Summer is in full swing! Can you smell the fly spray? Speaking of summer, here is a game we used to play at regular summer camp that I think would be fun to adapt to group riding lessons or as a camp activity. Enjoy!
- Create multiple choice questions.
- Put big signs for A, B, C and D in the 4 corners of the arena. Or just use the dressage letters.
- First review arena awareness and how far away to stay from each other’s horses, since we will be gathering in groups in corners of the arena.
- Ask a multiple choice questions. The answer options correspond with the 4 corners/letters in the arena.
- The students ride to the corner/letter they think is the right answer.
- Reveal the right answer.
- During warmup to check in: “How are you feeling today? If you’re feeling great, go to corner A. If you’re feeling down, go to corner B.” etc.
- As review at the end of the lesson – ask questions based on the skill taught.
- As review of horse knowledge taught during the lesson or at camp.
- Write the questions on cards and put them in a bucket. Have the students take turns picking the next question out of the bucket.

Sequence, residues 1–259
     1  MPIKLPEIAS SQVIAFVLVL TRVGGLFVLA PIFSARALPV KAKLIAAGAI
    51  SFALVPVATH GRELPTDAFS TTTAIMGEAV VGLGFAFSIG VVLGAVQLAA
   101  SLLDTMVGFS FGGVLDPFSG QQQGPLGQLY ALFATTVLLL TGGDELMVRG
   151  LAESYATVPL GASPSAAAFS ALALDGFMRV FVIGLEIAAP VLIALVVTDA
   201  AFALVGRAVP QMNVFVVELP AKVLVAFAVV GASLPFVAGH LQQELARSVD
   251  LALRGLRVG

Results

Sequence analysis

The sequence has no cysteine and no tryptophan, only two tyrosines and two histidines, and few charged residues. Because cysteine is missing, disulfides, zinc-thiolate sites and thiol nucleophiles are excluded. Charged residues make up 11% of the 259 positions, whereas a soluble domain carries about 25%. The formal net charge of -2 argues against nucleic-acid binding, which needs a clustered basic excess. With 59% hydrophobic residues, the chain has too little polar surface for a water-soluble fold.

- If you have a lot of students and they are able, give one or two the role of “Fibber” who can go to any corner in order to throw off the other students. This encourages students to think for themselves and not just follow others. At the end reveal the Fibbers and discuss how they influenced everyone’s decisions.
- The students who chose the correct answer get a point. Keep track on a white board, give them a clip to put on their horse’s mane for each point, etc. Whoever has the most points wins.
Note I haven’t actually played this game on horseback, just at regular summer camp, so if you use it, let me know how it goes!
I also want to share a question asked by a reader in case anyone can help her (because I can’t): “Can anyone help me? I am looking for 2 videos that were recommended to me but I can’t find. One is a mounting video by Anthony Busana from the Shea Center and the other is a walking simulation video by Pipa Hodge.” If you know what she’s talking about, please leave a comment below!
Note: This is not professional advice, this is a blog. I am not liable for what you do with or how you use this information. The activities explained in this blog may not be fit for every rider, riding instructor, or riding center depending on their current condition and resources. Use your best personal judgment!